Over You by Emma McLaughlin and Nicola Kraus
Publication Date: August 21, 2012
Target audience: Young Adult
Keywords: break-ups, first love, getting over break-up
Format read: ARC from ALA Annual. (Thanks!)
Summary: After Max’s boyfriend, Hugo, cheated on her, she started a business in NYC to help broken-hearted girls get over their ex-boyfriends. Her business is thriving until Hugo relocates to NYC and Max is forced to deal with the heartbreak she buried.
Have you ever had an extraordinary relationship that all of a sudden just went to crap? One day everything is fine and then the next day you find out your (d-bag) of a boyfriend is two-timing you with another girl. You find yourself on the middle of a field (ya know, the kind with a stadium crowded with people) saying things you’ll later regret and acting like a crazy person (in front of aforementioned people).
This is precisely what happened to Max. She was dating a guy, Hugo, she was head over heels in love with. After she found out he was cheating on her, she fled town, dropped out of school, got her GED, and began a business to help other girls completely get over their exes. Max has the process down to an art, healing many a girl’s broken heart. She wants to use her business as a research platform to help her get accepted into NYU.
Things are going well for Max until her ex reappears. She’s finding it difficult to dodge him and her suppressed feelings are resurfacing. She’s never allowed her own broken heart to heal and she begins to have a ridiculously hard time making mature, careful decisions in the best interest of her clients. Her two best friends (who also double as her employees) have never completely been given the low down on what happened either, making it very difficult for them to help her get over Hugo.
At the finale of Max’s clients completing her program, they have a Moment in which they come face-to-face with their ex and prove they’re over them. Max’s friends encourage her to have a Moment with Hugo. It was really at this point that I checked out a little bit. Max wanted so badly to prove herself to him that too many emotions got tangled. I can understand how breakups are not a clean break, but she seemed to lose some of her strength and strong-will when faced with Hugo. The girl who could run a successful business at 18 and handle the most broken of clients melted away in his presence.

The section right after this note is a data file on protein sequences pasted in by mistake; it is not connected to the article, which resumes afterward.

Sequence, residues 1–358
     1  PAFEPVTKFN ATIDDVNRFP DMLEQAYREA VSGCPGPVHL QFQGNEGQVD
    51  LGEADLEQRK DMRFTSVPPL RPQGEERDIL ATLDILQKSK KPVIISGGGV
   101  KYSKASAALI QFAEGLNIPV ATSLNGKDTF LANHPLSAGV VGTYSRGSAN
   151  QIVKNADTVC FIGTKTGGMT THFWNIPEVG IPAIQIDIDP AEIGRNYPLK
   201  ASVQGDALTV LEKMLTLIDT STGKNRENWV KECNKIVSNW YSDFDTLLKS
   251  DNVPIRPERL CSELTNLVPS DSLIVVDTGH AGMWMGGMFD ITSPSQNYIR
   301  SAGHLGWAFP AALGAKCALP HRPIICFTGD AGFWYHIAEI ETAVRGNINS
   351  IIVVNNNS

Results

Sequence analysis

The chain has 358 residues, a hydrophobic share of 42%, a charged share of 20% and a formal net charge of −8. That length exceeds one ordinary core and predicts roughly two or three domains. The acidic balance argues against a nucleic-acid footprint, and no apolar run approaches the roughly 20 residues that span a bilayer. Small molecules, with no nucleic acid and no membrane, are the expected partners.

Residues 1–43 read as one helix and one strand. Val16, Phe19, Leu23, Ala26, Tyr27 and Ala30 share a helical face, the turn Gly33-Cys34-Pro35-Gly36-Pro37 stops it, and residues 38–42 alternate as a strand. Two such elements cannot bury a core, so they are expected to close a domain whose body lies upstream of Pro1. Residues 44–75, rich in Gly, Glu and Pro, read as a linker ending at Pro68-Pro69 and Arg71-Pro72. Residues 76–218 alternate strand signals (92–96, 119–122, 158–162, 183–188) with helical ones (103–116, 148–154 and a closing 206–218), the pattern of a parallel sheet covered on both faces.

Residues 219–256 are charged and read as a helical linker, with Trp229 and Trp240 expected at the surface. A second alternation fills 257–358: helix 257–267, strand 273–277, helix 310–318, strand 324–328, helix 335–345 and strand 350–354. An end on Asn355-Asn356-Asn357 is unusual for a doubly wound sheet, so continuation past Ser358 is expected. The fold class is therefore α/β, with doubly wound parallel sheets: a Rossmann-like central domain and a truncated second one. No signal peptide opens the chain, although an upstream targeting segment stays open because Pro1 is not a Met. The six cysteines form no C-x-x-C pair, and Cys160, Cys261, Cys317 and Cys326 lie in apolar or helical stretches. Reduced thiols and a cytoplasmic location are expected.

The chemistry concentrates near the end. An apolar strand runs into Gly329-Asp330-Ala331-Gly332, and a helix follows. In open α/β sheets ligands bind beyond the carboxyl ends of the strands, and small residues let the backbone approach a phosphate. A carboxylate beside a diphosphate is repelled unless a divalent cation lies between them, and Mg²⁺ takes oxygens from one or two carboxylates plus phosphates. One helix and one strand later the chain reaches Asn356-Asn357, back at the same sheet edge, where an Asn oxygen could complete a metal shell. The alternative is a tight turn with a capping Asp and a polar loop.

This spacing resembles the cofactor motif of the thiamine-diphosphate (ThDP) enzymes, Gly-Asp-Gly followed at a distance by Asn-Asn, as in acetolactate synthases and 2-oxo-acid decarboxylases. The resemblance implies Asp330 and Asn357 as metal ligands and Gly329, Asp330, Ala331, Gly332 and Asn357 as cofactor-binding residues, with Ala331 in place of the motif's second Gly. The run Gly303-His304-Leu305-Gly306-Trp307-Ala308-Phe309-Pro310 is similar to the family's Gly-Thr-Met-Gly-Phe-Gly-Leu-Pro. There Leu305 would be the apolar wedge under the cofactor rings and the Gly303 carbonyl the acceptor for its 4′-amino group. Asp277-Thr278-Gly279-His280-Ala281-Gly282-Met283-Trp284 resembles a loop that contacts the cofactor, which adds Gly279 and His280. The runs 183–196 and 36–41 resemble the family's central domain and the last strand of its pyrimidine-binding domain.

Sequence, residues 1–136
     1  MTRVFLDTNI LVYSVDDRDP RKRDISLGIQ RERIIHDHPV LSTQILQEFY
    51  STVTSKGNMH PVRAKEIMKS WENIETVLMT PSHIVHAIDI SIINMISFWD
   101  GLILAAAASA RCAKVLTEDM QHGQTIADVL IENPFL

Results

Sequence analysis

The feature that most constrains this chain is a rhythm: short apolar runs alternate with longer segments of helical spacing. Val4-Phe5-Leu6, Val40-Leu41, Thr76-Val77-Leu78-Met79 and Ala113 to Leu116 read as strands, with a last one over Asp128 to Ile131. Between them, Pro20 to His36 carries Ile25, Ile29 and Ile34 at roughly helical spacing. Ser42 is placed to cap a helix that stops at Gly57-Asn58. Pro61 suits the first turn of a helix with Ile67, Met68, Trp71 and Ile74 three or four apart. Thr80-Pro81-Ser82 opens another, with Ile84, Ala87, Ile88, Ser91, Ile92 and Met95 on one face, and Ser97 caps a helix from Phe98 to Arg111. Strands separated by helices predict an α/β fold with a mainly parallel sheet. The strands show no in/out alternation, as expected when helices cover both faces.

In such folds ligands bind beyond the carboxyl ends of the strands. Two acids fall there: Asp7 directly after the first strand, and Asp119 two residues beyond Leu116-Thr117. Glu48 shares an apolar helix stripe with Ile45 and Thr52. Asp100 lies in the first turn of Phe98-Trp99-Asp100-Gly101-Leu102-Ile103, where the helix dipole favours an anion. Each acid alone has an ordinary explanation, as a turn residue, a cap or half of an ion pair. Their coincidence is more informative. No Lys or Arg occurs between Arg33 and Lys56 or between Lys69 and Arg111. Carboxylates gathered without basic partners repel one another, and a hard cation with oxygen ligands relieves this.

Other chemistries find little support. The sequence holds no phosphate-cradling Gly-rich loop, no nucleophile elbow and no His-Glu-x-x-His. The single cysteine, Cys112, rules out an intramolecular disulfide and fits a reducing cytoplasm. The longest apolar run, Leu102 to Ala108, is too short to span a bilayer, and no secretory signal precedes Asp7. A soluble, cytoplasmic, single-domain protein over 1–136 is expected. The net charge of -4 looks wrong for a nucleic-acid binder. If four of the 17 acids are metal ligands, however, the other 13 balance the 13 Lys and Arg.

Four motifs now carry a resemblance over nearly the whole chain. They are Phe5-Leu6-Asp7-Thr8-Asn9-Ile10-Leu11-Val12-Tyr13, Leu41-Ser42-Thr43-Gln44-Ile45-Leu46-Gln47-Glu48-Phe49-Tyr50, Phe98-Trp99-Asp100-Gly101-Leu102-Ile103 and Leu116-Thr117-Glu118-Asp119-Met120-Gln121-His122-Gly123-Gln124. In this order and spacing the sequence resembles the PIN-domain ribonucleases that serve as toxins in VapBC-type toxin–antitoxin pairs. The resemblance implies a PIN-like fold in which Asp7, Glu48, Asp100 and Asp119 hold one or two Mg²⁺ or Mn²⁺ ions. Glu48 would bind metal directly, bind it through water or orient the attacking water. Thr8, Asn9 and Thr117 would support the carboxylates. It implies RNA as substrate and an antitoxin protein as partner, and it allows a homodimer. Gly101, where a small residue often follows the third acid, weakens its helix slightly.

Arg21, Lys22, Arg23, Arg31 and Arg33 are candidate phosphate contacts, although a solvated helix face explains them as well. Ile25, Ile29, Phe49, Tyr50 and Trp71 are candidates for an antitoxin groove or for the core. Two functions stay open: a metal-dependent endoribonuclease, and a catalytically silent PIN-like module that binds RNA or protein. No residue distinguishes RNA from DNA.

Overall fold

I struggled with the decisions she was making and the domino effect of hurt she was causing her friends, clients, and new-love interest because she couldn’t pull herself together. As much as I loved the concept of the story, there was a disconnect between Max’s business and personal life. I very much liked the business-oriented, put together Max, but private Max lacked maturity that made me question whether she should be interacting with clients when she was so lost herself.
There were several circumstances when I don’t know that I would have so easily forgiven Max for the things she did. In the end I don’t think she was a character I liked as much as I did in the beginning of Over You. I always appreciate when authors redeem their characters and they come full circle, but Max’s like-ability went backwards for me. While I enjoyed the concept of Over You, I found myself lacking the excitement and closure I wanted.